Here's how the new tax bill will impact your taxes

Below are few major tax highlights and the impact the new tax plan may have on your 2018 tax bill. (Individual tax filers)

  1. Health insurance: There is no penalty for not buying health insurance
  2. Estate taxes-exempts most: Estate tax is the threshold permitted under the law that an individual can leave to their heirs and pay no federal estate or gift tax. For 2018, under the new plan – the exemption has almost doubled. The original $5.6 M set for 2018 has been now doubled to $11.2 M. As per a federal estate law provision, couples who are able to efficiently plan can double that exemption to $22.4 M. Currently, only 0.2% of all estates are subject to estate taxes. Therefore, with the new exemption limits exempts most estates.
  3. Mortgage interest deduction: For first or second home mortgage, the interest deduction is now allowed for a debt of up to $750,000. Earlier interest was allowed for a debt up to $ 1M. The bill no longer allows interest deduction on home equity loans. Current law allows up to $100,000
  4. Eliminates personal exemption: Currently, you are allowed to take up to $4,050 exemption for yourself, spouse or any dependents. Under the new tax plan, this exemption is no longer allowed.
  5. Doubles standard deduction: For filing status single, the new bill increases to $12,000, earlier $6,350. For married filing jointly, it increases to $24,000 from 12,700.
  6. New tax brackets: There are seven new tax brackets under the new tax plan.
    • 10% (income up to $9,525 for single filers; up to $19,050 for married couples filing jointly)
    • 12% (over $9,525 to $38,700 for single filers; over $19,050 to $77,400 for couples)
    • 22% (over $38,700 to $82,500 for single filers; over $77,400 to $165,000 for couples)
    • 24% (over $82,500 to $157,500 for single filers; over $165,000 to $315,000 for couples)
    • 32% (over $157,500 to $200,000 for single filers; over $315,000 to $400,000 for couples)
    • 35% (over $200,000 to $500,000 for single filers; over $400,000 to $600,000 for couples)
    • 37% (over $500,000 for single filers; over $600,000 for couples)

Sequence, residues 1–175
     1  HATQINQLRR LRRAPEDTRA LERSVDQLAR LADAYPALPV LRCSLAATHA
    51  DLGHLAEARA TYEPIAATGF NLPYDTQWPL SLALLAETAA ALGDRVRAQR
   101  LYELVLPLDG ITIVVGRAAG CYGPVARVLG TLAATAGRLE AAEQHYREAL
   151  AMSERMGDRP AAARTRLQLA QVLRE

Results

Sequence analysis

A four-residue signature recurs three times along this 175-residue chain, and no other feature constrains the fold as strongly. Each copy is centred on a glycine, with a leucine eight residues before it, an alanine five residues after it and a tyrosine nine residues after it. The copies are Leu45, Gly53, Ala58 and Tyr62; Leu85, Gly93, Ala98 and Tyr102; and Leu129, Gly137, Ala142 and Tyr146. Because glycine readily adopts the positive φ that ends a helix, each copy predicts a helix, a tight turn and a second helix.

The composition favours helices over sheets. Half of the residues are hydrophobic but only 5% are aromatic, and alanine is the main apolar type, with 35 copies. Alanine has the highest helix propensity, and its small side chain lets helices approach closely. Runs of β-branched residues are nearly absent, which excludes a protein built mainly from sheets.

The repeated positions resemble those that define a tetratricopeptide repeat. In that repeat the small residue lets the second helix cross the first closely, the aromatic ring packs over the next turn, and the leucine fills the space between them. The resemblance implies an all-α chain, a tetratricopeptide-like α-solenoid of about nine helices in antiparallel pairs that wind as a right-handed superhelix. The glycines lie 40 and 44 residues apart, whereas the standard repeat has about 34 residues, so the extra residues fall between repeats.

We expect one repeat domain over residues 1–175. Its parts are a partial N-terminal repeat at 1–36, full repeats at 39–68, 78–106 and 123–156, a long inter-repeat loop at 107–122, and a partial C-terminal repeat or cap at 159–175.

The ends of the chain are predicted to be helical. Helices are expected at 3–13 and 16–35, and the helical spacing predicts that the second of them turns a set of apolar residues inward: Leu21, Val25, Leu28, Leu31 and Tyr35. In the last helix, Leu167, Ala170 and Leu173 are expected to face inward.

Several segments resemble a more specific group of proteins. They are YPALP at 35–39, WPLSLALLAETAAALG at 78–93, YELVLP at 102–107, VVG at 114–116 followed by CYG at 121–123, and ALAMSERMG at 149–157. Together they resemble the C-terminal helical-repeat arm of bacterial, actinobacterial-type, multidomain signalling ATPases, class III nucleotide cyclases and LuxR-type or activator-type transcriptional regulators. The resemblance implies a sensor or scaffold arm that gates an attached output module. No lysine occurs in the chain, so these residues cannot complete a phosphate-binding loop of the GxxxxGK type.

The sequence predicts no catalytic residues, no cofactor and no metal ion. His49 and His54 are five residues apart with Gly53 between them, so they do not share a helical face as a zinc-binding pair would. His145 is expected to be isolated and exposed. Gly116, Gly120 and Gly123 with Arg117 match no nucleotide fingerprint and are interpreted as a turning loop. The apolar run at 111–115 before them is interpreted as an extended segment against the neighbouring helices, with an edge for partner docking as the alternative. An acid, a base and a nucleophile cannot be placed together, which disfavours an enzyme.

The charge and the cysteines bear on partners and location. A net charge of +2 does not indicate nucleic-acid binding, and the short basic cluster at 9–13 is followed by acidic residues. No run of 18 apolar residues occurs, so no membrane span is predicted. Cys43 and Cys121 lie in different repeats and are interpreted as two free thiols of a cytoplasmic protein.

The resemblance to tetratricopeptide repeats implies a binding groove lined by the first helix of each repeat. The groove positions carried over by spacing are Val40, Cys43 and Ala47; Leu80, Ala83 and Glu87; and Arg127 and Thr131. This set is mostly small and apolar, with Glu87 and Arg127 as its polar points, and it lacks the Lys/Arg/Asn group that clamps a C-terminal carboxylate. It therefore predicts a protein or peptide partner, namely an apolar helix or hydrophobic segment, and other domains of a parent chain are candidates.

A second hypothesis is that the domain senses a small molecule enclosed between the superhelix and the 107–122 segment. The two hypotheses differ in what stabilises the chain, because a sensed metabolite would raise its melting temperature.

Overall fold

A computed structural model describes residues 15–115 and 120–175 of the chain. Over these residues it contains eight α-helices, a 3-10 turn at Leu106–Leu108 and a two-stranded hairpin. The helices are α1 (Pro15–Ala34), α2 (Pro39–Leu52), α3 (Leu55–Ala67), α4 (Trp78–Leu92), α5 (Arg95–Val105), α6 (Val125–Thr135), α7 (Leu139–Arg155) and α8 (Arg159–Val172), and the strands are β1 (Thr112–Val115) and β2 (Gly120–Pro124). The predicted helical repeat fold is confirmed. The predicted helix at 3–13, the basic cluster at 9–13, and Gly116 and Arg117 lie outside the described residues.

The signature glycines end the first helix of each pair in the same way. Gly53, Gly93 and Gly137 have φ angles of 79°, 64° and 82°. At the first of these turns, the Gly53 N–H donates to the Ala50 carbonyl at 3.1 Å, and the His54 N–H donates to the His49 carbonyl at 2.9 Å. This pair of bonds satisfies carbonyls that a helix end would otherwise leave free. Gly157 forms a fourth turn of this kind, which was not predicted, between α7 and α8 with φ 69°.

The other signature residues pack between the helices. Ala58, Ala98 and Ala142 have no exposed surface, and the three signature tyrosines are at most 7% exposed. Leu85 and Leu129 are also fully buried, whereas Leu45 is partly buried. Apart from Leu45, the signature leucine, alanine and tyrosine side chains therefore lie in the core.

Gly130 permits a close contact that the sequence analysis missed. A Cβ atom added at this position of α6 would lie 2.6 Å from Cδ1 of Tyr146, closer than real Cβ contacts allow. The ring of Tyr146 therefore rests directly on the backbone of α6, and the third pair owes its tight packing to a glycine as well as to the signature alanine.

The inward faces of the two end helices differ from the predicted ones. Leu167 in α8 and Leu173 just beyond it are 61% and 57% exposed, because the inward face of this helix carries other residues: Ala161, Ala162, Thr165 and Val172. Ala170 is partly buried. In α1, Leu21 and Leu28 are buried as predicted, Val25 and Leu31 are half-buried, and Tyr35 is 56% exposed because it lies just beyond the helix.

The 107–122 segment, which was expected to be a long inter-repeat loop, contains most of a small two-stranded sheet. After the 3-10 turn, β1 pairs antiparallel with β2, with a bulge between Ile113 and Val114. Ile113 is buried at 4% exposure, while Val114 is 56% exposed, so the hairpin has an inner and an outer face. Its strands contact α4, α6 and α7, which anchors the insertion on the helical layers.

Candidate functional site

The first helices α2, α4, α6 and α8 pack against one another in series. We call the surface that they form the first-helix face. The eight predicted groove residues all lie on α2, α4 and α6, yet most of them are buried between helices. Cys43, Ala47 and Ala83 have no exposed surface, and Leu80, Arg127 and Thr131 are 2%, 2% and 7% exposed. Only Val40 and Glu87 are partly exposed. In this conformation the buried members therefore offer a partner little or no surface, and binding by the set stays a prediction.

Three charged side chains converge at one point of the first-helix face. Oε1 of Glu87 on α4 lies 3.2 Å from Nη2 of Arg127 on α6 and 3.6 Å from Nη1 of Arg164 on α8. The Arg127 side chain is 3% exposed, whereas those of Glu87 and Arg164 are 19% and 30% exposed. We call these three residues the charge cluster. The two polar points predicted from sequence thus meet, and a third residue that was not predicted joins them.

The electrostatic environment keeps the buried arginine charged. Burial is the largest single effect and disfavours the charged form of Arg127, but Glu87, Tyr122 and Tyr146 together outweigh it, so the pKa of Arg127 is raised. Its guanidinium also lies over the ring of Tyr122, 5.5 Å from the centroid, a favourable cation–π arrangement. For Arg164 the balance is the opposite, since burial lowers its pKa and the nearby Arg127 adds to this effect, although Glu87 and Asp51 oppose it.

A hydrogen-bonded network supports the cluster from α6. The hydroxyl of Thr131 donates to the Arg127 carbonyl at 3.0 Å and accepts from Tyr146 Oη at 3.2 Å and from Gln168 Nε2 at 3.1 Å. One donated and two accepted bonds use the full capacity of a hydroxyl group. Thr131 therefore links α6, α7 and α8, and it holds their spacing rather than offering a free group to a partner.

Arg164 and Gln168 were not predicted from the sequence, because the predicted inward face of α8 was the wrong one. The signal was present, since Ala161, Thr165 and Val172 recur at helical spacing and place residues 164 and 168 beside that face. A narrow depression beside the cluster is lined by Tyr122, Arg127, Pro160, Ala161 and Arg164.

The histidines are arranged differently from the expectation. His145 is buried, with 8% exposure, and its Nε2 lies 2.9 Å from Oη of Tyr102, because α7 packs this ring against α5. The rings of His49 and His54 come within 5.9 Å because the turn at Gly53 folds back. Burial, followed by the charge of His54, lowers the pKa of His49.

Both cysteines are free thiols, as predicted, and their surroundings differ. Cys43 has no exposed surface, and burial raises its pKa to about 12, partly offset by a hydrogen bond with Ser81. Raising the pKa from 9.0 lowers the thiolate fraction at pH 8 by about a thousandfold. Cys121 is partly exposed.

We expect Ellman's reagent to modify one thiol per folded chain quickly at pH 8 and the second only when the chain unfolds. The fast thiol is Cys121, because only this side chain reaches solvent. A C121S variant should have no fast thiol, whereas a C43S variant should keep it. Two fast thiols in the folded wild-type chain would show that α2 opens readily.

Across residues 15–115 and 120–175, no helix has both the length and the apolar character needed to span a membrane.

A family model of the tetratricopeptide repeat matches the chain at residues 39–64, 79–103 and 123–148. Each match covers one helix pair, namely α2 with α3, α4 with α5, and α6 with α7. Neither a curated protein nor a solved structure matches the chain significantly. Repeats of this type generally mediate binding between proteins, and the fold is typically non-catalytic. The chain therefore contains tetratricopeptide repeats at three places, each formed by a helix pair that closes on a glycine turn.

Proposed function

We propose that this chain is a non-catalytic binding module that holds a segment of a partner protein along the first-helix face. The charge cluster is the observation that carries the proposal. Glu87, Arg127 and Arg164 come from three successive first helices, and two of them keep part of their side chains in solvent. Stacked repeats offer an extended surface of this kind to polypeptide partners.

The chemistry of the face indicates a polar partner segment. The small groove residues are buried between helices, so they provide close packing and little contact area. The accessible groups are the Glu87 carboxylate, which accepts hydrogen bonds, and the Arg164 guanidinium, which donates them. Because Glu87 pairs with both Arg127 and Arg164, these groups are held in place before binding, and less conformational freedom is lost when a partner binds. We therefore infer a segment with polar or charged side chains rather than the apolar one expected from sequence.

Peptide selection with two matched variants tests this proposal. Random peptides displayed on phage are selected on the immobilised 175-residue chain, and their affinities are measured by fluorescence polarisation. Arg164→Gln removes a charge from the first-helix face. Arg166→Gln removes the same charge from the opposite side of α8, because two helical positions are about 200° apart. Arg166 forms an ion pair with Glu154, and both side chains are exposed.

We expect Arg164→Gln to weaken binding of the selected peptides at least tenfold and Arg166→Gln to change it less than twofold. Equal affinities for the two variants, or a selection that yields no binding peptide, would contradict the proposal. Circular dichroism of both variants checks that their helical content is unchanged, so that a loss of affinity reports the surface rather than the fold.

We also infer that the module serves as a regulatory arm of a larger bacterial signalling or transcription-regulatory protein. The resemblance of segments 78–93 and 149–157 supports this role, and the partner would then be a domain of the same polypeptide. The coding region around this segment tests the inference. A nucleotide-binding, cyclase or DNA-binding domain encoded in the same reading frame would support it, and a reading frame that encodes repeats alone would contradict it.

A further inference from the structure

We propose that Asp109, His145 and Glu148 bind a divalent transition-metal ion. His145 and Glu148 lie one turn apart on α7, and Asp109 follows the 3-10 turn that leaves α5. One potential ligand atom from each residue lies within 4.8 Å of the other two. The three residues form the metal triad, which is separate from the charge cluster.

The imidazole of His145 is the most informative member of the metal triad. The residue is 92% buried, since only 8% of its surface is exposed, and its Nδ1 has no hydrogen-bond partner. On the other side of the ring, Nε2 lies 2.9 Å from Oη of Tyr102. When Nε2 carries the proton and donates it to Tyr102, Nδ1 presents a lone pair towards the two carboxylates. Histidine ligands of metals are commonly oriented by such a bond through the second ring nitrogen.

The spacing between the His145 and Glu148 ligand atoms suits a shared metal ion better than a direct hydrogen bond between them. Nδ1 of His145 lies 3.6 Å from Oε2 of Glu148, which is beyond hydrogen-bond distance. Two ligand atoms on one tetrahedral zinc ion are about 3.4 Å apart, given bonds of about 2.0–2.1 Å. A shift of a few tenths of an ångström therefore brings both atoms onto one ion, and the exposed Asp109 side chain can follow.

7. Temporary credit for non-child dependent : As per this bill, parents can take $500 credit for each non-child dependent whom they are supporting. Eg : Children 17 and over with disability.
  8. Child tax credit doubled: The child tax credit is doubled to $2,000 for children under the age of 17. This credit is available to high-income earners. The income threshold for claiming full child tax credit has been increased to $200,000 for single parents (earlier $75,000) and $400,000 married couples (earlier $110,000).
  9. State and local tax (SALT) including property taxes: This has been capped at $10,000 for 2018 i.e this is the maximum allowed to claim in 2018.
  10. Alternative Minimum Tax:   The final version of the bill retains alternate minimum tax. AMT tax exemptions have been increased.  For Single filers- New exemption limit $70,300 increased from current $ 54,300. Married couples -New exemption limit $109,400 increased from $84,500.  (AMT is a supplemental income tax imposed by the federal government. Regular taxable income is adjusted for certain items that may be eliminated  /computed differently for calculation of AMT eg: Property taxes, medical expenses, depreciation etc).
  11. 529 plans: No major changes relating to 529 plans. 529 plan savings can be used to pay for college expenses of up to $10,000 per year. This should only be used for qualified education expenses. They can now be used for K-12 and homeschool expenses.
  12. 401k plans No major changes despite earlier discussions of eliminating pre-tax deductions in 401k.
    1. 401k loans– Previously, if you left a job with a 401k loan pending, you had to repay it immediately or face penalties. Under the new regulation, you have up to 60 days to repay the 401k loan without facing penalties
  13. Medical expenses: You can still deduct expenses that exceed 7.5% of Adjusted Gross income in 2017 and 2018. This returns back to 10% thereafter.
  14. Charitable contribution deductions : No change.
  15. Student loan deduction: No change. Under current rules, you can claim up to $2,500 as student loan deduction.



Note: This bill will not impact your 2017 taxes

Posted In: General

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